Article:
Table 1 shows the genotype and allele distributions of the three SNPs in patients with CAP grouped according to SIRS score. The IL-10 −1082 G allele, which predicts a higher level of expression of the gene, was observed with significantly greater frequency in patients with increasing illness severity, from non-SIRS (45%, chromosome n=38) to SIRS 2 (47%, chromosome n=34), SIRS 3 (55%, chromosome n=66) and SIRS 4 (69%, chromosome n=48) (p=0.02). GG homozygote frequency increased significantly with increasing SIRS score (p<0.05), suggesting a recessive mode of action of the IL-10 variant. These findings remained unchanged after adjustment for age, sex, smoking status, and presence of chronic obstructive pulmonary disease (COPD).
Eleven (12%) of the 93 patients with CAP died. A significantly higher G allele frequency (82%) was observed in the patients who died compared with the remaining CAP patients (51%, OR=4.3, 95% CI 1.39 to 13.22, p=0.01) and the control population (55%, OR=3.7, 95% CI 1.20 to 11.32, p=0.02). These findings remained significant when adjusted for illness severity, COPD, smoking, age, and sex. However, this observation must be interpreted with caution as the small sample size (n=93) results in wide confidence intervals.
Forty (43%) of the 93 patients with CAP were current smokers and 25 (27%) had COPD. Illness severity was influenced by presence of COPD, with significantly more COPD patients manifesting SIRS scores of 3–4 (p<0.05). In addition, there was a trend towards more severe illness in current smokers, although this finding was not significant. Twelve patients (13%) had bacteraemia as assessed by positive blood culture. No association was observed between patients with bacteraemia and illness severity or IL-10 genotype.
In contrast with the IL10 −1082G/A SNP, the TNF-α −308G/A and IL6 −174G/C SNPs showed no association with severity of illness in patients with CAP (table 1). There was also no association between these two SNPs and bacteraemia or death subsequent to CAP.
To our knowledge this is the first study to show an association between an IL-10 promoter polymorphism and severity of SIRS in patients with CAP. Use of the SIRS criteria as an index of illness severity is validated by our observance of a significant trend towards greater numbers of COPD patients with increasing SIRS scores from non-SIRS up to SIRS 4 (p<0.05). The SIRS score was also evaluated by a large prospective study conducted by the University of Iowa.6 Of 3708 patients admitted to the ICU, 2527 met the SIRS criteria. A progressive increase in mortality rate was observed with an increasing number of SIRS criteria, from 3% (non-SIRS) up to 17% (SIRS 4).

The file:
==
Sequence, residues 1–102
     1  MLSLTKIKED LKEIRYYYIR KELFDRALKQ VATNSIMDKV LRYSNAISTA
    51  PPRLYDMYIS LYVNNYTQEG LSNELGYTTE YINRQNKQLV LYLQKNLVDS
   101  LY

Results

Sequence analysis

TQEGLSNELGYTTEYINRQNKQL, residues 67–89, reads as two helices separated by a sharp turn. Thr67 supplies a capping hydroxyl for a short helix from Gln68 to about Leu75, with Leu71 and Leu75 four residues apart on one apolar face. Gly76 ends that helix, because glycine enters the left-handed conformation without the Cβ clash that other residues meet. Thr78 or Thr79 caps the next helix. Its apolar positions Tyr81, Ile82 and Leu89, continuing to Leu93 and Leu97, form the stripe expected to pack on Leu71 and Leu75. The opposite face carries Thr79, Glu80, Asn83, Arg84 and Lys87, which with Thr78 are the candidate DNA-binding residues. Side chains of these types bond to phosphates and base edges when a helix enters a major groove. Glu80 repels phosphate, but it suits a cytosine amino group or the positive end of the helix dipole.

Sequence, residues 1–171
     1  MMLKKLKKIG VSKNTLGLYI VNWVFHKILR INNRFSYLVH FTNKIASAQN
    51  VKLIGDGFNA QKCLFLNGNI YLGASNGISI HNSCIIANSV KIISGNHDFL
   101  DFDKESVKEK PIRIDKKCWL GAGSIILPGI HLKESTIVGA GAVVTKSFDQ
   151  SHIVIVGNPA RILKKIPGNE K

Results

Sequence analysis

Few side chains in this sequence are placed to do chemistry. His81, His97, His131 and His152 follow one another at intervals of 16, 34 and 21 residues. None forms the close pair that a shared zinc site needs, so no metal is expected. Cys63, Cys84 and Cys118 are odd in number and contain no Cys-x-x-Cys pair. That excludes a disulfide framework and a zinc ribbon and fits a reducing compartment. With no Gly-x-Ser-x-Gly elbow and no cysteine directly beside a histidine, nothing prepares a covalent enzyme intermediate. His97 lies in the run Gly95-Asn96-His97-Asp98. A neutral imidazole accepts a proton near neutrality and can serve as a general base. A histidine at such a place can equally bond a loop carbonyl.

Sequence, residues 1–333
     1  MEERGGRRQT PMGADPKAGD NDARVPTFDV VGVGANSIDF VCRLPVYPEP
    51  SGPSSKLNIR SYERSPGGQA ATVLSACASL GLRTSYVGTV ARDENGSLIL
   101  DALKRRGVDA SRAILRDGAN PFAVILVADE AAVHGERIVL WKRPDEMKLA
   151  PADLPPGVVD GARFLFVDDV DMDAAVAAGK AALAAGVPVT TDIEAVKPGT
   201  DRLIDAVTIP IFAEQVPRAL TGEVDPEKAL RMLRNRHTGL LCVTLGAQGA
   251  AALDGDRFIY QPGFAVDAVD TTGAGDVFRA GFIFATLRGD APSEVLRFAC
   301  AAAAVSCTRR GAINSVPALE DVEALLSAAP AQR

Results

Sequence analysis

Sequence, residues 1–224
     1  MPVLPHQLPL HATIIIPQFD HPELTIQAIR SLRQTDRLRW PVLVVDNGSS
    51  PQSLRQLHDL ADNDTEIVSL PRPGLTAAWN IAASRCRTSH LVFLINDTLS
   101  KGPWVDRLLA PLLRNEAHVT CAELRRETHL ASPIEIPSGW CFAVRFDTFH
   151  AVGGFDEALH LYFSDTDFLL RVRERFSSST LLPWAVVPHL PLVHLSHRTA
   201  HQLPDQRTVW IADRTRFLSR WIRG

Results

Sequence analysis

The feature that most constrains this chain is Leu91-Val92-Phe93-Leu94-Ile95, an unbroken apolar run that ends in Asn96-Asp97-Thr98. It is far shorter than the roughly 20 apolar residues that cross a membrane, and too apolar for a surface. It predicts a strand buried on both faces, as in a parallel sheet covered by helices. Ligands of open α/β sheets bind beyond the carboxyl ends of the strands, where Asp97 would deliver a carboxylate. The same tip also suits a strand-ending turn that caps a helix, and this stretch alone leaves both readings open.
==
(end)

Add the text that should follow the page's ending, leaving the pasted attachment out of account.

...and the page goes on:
Several studies have shown a genetic basis for variation in IL-10 production. This mutation falls within a region of the IL-10 promoter which has been implicated in modulation of IL-10 gene activity; the SNP is located within an ETS-like transcription factor recognition site.4 However, it is possible that IL-10 −1082G/A may not be functional in itself, but may be in linkage disequilibrium with other functional mutations. Several mutations occurring in this region have been associated with various diseases, including systemic lupus erythematosus.7
Our finding is in accordance with the observation that levels of IL-10 are higher in patients with sepsis and septic shock. Furthermore, non-survivors of sepsis have persistently raised levels of IL-10, while survivors show decreasing IL-10 levels over time.8 We previously reported that circulating IL-10 levels are raised in CAP and directly correlate with disease severity.1 Other studies have shown that in vitro stimulation of monocytes from septic patients resulted in decreased production of TNF-α in response to endotoxin, while IL-10 levels were persistently high. Incubation of normal monocytes with septic serum elicited a similar dampened TNF-α response which was abrogated by co-incubation with anti-IL-10 antibodies.9
In addition to the IL-10 −1082G/A SNP, we analysed the TNF-α−308G/A and IL-6 −174G/C SNPs. No association was seen between these SNPs and disease severity (table 1). No interaction between the genotypes of these three SNPs in relation to their combined influence on illness severity was observed; however, a larger population size is required to elucidate fully any possible interactions.
In conclusion, we have shown that a polymorphism of the IL-10 gene (−1082G/A) affecting the level of expression of the cytokine influences illness severity in patients with CAP. This polymorphism should therefore be added to the spectrum of immunogenetic factors involved in the systemic response to infection in CAP.
This work was supported by the Health Research Board of Ireland and the Royal College of Surgeons in Ireland.